Grinding and Polishing Machine

  The basis of this machine came from Warren Fillmore's article in "Advanced Telescope Making Techniques", by Allan MacIntosh, where he gives a good argument for the "Elgin" type machine. However the variable speed drive is original and done mechanically.


  The 1/3 HP motor (blue) and first stage reduction is mounted on a platform  (white) that slides vertically on the ½" rod by means of the hand wheel (foreground under table) and cable to vary the speed.  The second stage wheel (the large horizontal plywood wheel), is mounted on a stub shaft  that  NORMALLY  freewheels inside the turntable shaft which is a 1" black pipe. Under the second stage wheel is a small V pulley that drives the eccentric shaft (back right) with approx. 3 to 1 reduction.  Under the eccentric (top end of this shaft) another V belt drives the turntable pipe shaft with approx. 4 to 1 reduction.  This belt can be removed and a pin put through holes in the turntable pipe shaft and the second stage stub shaft to lock them up for high speed. (the arrangement is similar to the back gears on a metal lath). Speed range is from about 150 RPM down to zero and even reverse if the platform is raised high enough.  A strong bungee holds the 1st stage platform against the second stage pulley. Speed can be adjusted while running, but eccentric throw adjustment requires that the machine be stopped.

       The over arm hinges on a 3/4" threaded rod and offset is made by turning the threaded rod with the white hand wheel at left (can be done while running).

         Looking down with the turntable and drip tray removed , the motor and first stage reduction are mounted on a platform that not only raises and lowers ,but pivots and is pulled forward by the bungee, the end of which can be seen at bottom right.   The first stage shaft is 1" and the bearing in the wood block is a trailer wheel bearing to take the thrust load.  The crank arm to the overarm shaft is at top.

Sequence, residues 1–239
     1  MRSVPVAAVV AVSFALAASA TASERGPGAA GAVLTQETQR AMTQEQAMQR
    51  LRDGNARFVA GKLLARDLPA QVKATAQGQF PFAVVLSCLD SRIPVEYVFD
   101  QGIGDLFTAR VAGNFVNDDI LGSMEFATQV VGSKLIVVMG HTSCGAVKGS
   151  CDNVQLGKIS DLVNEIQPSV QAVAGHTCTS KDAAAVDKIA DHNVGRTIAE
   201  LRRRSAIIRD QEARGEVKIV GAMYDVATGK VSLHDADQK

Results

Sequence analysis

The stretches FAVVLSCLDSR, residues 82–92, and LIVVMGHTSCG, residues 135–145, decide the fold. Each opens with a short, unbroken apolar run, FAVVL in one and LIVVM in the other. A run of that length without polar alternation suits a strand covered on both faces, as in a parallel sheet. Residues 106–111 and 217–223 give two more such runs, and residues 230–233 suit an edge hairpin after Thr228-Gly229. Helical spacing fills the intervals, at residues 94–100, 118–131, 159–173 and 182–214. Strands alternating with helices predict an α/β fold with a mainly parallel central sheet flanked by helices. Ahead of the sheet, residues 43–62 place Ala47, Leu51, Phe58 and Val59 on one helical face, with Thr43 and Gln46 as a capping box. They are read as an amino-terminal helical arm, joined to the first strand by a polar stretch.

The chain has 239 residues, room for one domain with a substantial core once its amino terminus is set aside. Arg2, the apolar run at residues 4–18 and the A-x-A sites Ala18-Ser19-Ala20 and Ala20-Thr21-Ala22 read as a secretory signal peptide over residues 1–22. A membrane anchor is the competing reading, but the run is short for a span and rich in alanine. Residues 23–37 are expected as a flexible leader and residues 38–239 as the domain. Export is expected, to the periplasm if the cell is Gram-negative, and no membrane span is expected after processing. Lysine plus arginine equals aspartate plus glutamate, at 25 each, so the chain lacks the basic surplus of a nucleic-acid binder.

The  turn table shaft is a 1" pipe.  A portion of the pipe was built up with weld then turned down to fit the bearing available  {scavenged from an electric motor repair shop}.  The hole in the maple board was done with an adjustable hole saw, saw cuts made either side, and the two bolts  tighten the bearing in  the hole.  A floor flange on the under side of the turntable threads onto the  top of the shaft. 

The eccentric shaft is also 1".  There are two sizes of pulleys on the under side of the eccentric disc which can be used to drive the turntable giving ratios of about 3 : 1 and 5 : 1.  All the large pulleys are made from 3/4" plywood with hard maple hubs.  The plywood discs were turned in a lathe using an old file as a turning tool, the end of which was ground to the shape of the V groove in V pulleys. The hubs were drilled and taped for 3/8" set screws.  The  top bearing on the eccentric shaft is a self aligning bearing of the type often used in farm machinery.  The plywood it is mounted on is pivoted and the bearing can be drawn away from the turntable shaft by a lag bolt to tighten the drive belt.  The pitman is oak with a sealed bearing in the near end.  The eccentric pin  can be loosened with the wooden knob and slide radially in or out in a slot in the top of the eccentric disc to adjust overarm throw.

A view of the underside showing the driving disc, a portion of the second stage wheel, and the drive belt to the bottom of the eccentric shaft pulley. Note the bungee that pulls the drive disc against the second stage wheel.  The second stage wheel is actually two pieces of  ½" plywood screwed together then turned  turned down to the appropriate size such that a v belt would just fit around it in the groove when reassembled.  It is the back of this V belt that forms the tire that the disc drives.  Not a great idea but I couldn't come up with anything better on the spur of the moment and it  is still working

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Last revised 28 Apr 2010